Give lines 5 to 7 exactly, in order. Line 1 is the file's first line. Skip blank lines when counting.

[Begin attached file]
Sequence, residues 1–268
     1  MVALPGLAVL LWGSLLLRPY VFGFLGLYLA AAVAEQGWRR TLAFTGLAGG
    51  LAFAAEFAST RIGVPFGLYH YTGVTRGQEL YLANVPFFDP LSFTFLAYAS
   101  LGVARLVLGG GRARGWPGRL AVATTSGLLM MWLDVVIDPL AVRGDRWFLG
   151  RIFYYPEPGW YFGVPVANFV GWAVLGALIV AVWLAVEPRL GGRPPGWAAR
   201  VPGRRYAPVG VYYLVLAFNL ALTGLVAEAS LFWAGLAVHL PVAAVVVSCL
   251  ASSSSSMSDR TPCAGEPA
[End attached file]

   151  RIFYYPEPGW YFGVPVANFV GWAVLGALIV AVWLAVEPRL GGRPPGWAAR
   201  VPGRRYAPVG VYYLVLAFNL ALTGLVAEAS LFWAGLAVHL PVAAVVVSCL
   251  ASSSSSMSDR TPCAGEPA